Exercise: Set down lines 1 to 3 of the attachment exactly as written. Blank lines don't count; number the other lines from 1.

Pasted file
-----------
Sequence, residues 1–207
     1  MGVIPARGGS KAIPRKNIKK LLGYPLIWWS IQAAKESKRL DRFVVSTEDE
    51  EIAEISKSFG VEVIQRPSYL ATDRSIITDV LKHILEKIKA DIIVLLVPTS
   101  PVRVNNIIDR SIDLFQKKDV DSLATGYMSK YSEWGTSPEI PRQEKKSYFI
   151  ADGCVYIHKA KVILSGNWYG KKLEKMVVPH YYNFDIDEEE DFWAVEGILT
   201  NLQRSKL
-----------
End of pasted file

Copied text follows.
Sequence, residues 1–207
     1  MGVIPARGGS KAIPRKNIKK LLGYPLIWWS IQAAKESKRL DRFVVSTEDE
    51  EIAEISKSFG VEVIQRPSYL ATDRSIITDV LKHILEKIKA DIIVLLVPTS